In fact, the event of Ghazwa-e-Badr, popularly known in Kashmir as Youm-e-Badr (the day of Badr) was very specifically celebrated by the ISIS and its ilk on every 17th day of Ramazan in Raqqa and Mosul. According to Kurdish news source Rudaw, while ISIS terrorists celebrated the 17th Ramazan, they frowned upon every other Islamic festival like Eid-ul-Fitr and Eid-ul-Adha. They warned the residents of their occupied lands to shun the celebration of Eid. ISIS scholars’ opinion is that such a practice never existed during the time of the prophet Mohammed (pbuh) and that it was later coined by ‘misguided’ Muslims.
But at the same time, the inspiration to mark the 17th day of Ramazan with mindless atrocities also emanates from the ISIS ideology. According to the radical Islamist ideologue, Abu Mus’ab Zarqawi, the military expeditions of the Islamist fighters on the day of Ghazwat ul Badr or 17th Ramazan is attributed with divine intervention. Going by Islam’s historical accounts like Sirah Ibn Hisaham, the first military expedition in Islam was the Ghazwa-tul-Badr which took place on the 17th Ramazan in 624. After eight years, Muslims achieved the victory in Mecca during Ramazan. Therefore, not only the 17th Ramazan, rather the entire holy month which marks Muslims’ quest for complete peace and tranquillity along with cultural festivity is taught as ‘time for terror and calamity’ in the ISIS theology. Much against the spiritual sanctity attached to this holy Islamic occasion, to an utter horror, jihadist goons including in Kashmir have turned Ramazan into a month of horror and calamity.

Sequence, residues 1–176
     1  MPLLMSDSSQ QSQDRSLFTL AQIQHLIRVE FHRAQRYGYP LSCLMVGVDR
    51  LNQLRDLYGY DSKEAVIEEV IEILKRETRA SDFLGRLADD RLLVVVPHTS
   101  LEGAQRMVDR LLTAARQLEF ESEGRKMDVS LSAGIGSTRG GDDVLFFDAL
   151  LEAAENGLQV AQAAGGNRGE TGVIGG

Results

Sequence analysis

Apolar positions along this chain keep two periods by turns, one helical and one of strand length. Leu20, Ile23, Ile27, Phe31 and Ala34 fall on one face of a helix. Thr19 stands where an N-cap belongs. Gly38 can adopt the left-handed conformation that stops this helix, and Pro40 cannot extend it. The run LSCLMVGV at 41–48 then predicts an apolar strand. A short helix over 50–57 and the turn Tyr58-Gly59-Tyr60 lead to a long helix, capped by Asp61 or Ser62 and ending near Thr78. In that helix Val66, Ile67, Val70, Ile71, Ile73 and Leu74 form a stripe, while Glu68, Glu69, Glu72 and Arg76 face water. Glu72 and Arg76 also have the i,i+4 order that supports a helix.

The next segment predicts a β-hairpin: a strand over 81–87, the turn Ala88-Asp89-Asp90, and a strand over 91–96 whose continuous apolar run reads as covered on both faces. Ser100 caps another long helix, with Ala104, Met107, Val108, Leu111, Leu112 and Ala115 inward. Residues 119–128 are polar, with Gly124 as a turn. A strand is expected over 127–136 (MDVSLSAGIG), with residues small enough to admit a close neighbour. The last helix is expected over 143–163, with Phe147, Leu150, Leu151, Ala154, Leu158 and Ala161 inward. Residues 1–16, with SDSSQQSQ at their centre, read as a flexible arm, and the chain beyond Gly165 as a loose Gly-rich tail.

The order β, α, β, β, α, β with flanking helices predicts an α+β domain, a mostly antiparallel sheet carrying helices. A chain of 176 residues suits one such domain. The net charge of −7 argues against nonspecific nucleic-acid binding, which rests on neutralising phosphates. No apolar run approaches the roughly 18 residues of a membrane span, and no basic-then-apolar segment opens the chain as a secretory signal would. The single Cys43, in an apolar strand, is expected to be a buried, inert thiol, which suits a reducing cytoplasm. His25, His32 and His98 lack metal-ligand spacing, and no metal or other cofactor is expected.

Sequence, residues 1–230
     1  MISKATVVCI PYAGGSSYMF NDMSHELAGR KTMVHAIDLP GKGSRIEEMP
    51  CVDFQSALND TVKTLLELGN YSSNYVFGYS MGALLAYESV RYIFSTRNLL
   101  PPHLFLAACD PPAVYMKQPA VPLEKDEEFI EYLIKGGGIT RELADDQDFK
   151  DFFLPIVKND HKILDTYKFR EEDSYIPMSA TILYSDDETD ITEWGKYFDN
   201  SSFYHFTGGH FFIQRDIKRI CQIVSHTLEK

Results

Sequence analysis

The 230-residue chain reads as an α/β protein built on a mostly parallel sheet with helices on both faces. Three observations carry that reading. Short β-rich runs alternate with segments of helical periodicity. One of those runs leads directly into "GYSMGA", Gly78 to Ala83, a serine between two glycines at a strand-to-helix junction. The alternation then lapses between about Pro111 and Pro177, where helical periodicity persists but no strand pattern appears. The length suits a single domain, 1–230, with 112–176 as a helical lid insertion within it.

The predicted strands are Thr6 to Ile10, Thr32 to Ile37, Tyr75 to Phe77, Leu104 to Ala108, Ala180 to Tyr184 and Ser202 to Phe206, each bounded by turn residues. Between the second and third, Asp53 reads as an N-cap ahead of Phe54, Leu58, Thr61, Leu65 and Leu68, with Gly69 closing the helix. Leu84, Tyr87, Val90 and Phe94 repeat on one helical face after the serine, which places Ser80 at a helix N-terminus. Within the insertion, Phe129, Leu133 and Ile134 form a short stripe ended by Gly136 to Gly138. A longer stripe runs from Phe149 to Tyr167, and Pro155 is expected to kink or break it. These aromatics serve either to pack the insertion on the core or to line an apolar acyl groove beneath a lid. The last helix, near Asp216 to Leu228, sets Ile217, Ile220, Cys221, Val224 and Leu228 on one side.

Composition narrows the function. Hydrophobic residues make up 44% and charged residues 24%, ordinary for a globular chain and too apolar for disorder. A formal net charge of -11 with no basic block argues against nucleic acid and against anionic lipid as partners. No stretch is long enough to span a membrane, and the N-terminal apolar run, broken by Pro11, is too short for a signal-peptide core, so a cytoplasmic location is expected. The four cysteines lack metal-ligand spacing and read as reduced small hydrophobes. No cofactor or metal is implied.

If truth be told, the jihadists mark the entire month of Ramazan as ‘a month of calamity’, because this belief results from an extremist underpinning of Ghazwa-e-Badr which is antithetical to the actual reading of this historic event in Islam. After Prophet (pbuh) and his companions achieved victory in their defensive battle against the oppressive forces in Mecca, he proclaimed general amnesty, without any revenge. Even when a few of his companions, overjoyed with conquest, shouted in Arabic: “Al-Yumu Yumul Malhama” (today is the day of retaliation), Prophet (pbuh) strongly rebutted it. He said: “La, Al-Yaumu Yaumul Marhama” (No, today is the day of mercy).
This is the dichotomy between the Prophet’s peaceful struggle in Badr and the virulent warmongering of the self-styled jihadists in Kashmir. More to the point, Prophet Muhammad (pbuh) achieved the bloodless victory in Makka without retaliation against the bloodthirsty Meccans who attacked him, plotted to kill him, stoned him, made his teeth to bleed, cracked his jaw and split open his blessed face, peddled hate against his faith, murdered his beloved companions, deformed the dead body of his blue-eyed uncle, Ameer Hamzah, and even eaten his liver in a beastly manner. Contrary to the Prophet’s defensive battle of Badr and peaceful victory in Makka, the militants’ war in Kashmir is calming the innocent lives, mutilating the dead-bodies of Indian army officers, demeaning their women and thus destroying lives and properties of both Muslims and non-Muslims alike.
Thus, the 17th Ramazan event of Badr is actually misconstrued and twisted by the self-styled Islamic ideologues with an aim to provoke global Muslims to revenge on their supposed enemies. The mainstream Muslims particularly those in Jammu & Kashmir have to remind themselves of the Islamic ideal of Marhama (mercy) in place of Malhama (retaliation or war).
As we are winding down to the end of the sacred month of Ramazan, a note of caution is desperately required in the context of Kashmir unrest. Just as there was similar increased violence during the month of Ramazan which had got heightened after Eid-ul-Fitr in the wake of Burhan Wani’s killing, regrettably, much damage could be seen ahead.
Ghulam Rasool Dehlvi is a regular columnist with www.newageislam.com , scholar of classical Arabic and Islamic Sciences, cultural analyst and researcher in Media and Communication Studies at Centre for Culture, Media & Governance, Jamia Millia Islamia.